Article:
There’s two major reasons for using a research log :

1.) It will keep you organized.   Rather than jotting notes in a notebook, filling in the required information for each column in a research log will ensure you’ve collected the needed information before moving on to the next source. You won’t have to keep returning to previous sources or struggle to remember how you found a source because your search terms and databases are in the log. You’ll also never lose a source or forget where a quote came from.

2) It will help you compare  your evidence. Having the evidence from all of  the sources in one place lets you look at the data side-by-side to evaluate which items would be best to include in your paper. Looking at all of the evidence in a research log can also help you refine your thesis before you begin drafting.

If you have to write a paper that requires research, this tool can save you a significant amount of time, and it could eliminate stress later on in your writing process.

Here’s a template for a Research Log



A Literature Review Matrix

A matrix is a tool that allows you to quickly compare and contrast  multiple sources by placing their aims,  methods, and findings in  one chart.  These tables  allow you to see similarities or distinctions in methodologies, limitations, and findings in studies with related aims so you can look at a field more globally to identify a  niche to explore, or a new direction to pursue, or a potential knowledge gap. By comparing multiple sources through this method you can quickly identify commonalities and key differences that will allow you to propose a unique thesis or a potential research design for future inquiry. While you do not have to use a matrix to write a literature review, it is a great resource in seeing relationships between studies, and it becomes more essential as you examine more and more sources.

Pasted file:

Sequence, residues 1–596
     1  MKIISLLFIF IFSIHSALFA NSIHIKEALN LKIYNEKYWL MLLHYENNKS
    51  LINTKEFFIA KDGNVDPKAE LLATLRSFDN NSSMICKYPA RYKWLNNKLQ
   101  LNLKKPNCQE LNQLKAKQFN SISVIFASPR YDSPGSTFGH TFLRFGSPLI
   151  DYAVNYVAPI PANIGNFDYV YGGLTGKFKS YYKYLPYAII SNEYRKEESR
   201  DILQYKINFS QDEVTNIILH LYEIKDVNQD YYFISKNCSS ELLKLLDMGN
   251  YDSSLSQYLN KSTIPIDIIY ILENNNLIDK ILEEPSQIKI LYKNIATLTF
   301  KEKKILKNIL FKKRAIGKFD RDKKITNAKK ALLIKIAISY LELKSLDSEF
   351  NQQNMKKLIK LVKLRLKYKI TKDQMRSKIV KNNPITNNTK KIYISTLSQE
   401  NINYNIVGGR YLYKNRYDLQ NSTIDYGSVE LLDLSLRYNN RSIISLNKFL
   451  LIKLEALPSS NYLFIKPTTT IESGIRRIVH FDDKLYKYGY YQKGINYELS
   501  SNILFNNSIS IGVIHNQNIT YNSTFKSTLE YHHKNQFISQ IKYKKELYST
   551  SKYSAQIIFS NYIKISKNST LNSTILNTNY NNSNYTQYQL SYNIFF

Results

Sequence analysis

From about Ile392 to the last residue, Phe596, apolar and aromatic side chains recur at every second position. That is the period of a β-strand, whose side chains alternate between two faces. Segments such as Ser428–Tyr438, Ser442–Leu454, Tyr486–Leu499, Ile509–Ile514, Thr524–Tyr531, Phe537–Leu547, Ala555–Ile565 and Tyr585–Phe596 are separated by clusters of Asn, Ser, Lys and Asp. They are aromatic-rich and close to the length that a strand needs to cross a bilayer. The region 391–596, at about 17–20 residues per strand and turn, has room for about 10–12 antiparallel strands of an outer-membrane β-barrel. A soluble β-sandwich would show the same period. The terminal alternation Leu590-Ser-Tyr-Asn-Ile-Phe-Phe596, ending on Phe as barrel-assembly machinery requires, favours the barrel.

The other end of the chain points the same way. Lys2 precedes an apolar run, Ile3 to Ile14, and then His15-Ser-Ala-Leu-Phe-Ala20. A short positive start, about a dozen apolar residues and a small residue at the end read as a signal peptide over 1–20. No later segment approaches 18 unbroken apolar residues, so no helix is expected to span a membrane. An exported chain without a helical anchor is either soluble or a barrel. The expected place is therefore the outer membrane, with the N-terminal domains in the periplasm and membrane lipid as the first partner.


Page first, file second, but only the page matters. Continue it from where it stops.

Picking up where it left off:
Here is an example of a matrix  with common elements; however, the categories of a matrix are usually dependent on the specific discipline, so feel free to adjust this document  in a way that best serves your research.

Literature Review Matrix



A Quick Tool for Building Your Vocabulary and Eliminating Redundancy

We all have our favorite phrases and “go-to” words.  I often find myself repeating these words multiple times in a single paragraph:

Thought Reversals: “however,” “although,”

Thought Extensions: “also”, “and it states”

Interpreting Statements: “so”, “this means that”

On my first draft, the repetition doesn’t matter, but when I start revising, I have to rethink each of those sentences so that I’m not redundant—I want to show that I can articulate my thoughts in a variety of ways to keep my reader engaged.

I’ve found that most college freshmen struggle with building their vocabulary and minimizing the usage of their “go-to” words and phrases.  Your vocabulary will grow naturally as you read and become familiar with expressions in your discipline.

However, if the paper is due tomorrow, you may not have that sort of time.  You need some tools to expedite that process.

One my favorite tools to eliminate redundancy is https://www.wordhippo.com/. 

Here’s why  . . .